Profit per order (profit/orders):

Profit per order is an indicator of the average profit each web site sale generates. Many companies have a steady stream of high volume, low margin products—the bread and butter of their business; and a limited number of low-volume, high-margin products that create great one-off profitability events. If your site has a mixture of high-margin and low-margin products, it would make sense to measure them separately.

Gross Profit Margin (sales / cost of the items sold):

Depending on your accounting system, you may also need to subtract the cost of sales (which may include ad costs and any commissions paid). Typically, analytics packages aren't robust enough to track this level of detail so you'll need an accounting or reporting system to calculate these numbers for you. Integrating web site analytics into your internal accounting tools is a difficult process that usually requires an outside specialist. But, it can make or break an e-commerce site's profitability. Profit margin is expressed in a percentage: 'The average profit margin of our online sales was 26% in October, which increased to 32% during the Christmas buying season'.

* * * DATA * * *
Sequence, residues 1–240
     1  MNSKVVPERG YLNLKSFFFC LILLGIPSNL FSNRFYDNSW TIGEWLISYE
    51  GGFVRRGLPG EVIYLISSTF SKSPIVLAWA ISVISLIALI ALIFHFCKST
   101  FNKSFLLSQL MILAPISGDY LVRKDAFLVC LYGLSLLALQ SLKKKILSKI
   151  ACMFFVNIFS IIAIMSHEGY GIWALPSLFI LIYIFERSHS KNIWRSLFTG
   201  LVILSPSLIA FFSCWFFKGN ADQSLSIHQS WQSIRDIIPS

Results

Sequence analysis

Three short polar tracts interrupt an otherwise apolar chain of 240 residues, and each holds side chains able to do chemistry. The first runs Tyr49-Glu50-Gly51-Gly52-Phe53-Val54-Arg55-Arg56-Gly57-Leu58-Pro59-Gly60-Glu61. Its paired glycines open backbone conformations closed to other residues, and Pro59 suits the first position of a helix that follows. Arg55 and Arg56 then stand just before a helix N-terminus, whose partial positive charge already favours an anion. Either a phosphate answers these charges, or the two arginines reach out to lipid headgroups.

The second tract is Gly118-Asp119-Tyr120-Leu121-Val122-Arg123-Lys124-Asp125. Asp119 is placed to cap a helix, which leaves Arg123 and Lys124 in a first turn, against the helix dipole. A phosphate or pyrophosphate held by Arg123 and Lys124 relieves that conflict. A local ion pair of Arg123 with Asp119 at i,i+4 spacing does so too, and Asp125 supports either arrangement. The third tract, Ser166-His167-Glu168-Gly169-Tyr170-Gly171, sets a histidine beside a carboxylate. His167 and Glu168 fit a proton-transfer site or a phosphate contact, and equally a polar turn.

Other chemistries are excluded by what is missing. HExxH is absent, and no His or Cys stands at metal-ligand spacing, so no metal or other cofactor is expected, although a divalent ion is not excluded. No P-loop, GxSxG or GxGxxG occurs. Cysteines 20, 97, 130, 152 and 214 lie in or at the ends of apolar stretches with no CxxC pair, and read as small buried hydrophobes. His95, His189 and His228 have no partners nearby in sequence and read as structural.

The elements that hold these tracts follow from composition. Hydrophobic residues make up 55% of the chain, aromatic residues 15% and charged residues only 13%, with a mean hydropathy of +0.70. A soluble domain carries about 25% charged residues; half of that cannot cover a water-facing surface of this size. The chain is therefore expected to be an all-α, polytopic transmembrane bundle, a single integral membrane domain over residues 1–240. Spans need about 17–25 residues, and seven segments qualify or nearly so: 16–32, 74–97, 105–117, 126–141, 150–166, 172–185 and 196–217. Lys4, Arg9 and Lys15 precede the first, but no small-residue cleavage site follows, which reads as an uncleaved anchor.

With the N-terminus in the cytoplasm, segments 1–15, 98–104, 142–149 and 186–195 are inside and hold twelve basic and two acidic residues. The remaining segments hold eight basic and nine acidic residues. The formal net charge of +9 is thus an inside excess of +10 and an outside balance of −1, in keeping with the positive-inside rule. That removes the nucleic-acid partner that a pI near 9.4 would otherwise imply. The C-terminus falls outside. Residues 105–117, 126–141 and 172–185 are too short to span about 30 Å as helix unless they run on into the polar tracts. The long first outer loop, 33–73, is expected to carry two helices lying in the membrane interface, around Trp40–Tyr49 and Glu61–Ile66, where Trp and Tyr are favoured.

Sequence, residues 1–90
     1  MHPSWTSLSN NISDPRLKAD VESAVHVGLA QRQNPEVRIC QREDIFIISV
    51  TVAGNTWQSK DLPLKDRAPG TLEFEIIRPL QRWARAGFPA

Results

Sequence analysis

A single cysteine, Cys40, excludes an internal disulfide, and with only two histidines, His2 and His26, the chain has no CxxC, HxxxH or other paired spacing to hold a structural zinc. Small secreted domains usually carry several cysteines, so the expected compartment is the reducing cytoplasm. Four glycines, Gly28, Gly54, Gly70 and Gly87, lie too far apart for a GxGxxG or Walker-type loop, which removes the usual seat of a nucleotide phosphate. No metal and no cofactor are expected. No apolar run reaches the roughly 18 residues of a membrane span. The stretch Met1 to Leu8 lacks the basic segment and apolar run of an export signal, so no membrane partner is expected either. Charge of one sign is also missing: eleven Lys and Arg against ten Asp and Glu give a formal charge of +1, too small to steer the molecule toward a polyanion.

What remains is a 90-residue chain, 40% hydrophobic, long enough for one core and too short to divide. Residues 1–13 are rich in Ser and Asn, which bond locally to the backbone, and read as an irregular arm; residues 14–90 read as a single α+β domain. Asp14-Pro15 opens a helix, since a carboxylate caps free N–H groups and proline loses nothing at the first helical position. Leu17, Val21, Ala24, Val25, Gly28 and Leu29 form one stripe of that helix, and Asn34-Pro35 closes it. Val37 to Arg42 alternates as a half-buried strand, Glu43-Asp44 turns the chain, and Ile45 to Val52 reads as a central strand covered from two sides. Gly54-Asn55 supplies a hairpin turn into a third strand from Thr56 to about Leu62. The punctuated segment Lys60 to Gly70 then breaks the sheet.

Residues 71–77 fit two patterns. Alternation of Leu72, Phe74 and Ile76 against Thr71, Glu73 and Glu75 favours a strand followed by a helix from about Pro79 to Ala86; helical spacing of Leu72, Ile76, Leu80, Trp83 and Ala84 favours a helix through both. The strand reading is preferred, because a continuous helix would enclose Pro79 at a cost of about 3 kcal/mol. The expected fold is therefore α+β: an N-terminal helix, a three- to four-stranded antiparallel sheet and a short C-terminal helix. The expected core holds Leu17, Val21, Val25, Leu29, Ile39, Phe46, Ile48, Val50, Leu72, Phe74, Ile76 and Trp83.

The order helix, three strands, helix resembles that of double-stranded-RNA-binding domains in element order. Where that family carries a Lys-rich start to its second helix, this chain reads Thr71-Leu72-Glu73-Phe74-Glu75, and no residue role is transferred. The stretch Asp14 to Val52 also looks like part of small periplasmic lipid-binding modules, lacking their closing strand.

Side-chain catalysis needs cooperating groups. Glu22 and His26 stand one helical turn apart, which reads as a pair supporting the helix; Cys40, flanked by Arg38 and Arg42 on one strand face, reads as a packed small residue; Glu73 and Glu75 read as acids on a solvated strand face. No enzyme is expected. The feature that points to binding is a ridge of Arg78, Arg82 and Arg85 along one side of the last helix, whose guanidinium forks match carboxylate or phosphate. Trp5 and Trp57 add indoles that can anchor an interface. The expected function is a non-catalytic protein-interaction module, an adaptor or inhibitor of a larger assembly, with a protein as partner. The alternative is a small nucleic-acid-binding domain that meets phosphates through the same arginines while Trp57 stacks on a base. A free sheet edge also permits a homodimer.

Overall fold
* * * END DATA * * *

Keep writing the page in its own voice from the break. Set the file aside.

The number of sales your site generates is a key metric from which several others can be derived. Ultimately, more sales are a good thing but it's a raw statistic that needs careful scrutiny. Everybody remembers the heady early days at where their sales were increasing by millions of orders per quarter—and they were losing money on every order. It wasn't until they started charging for shipping, and increasing their margin that they started turning huge profits. So, unless you've got money to burn, work to increase your conversions but not at the expense of good profit on each order. Conversions are simple numbers: 'We had 350 sales from our web site in May.'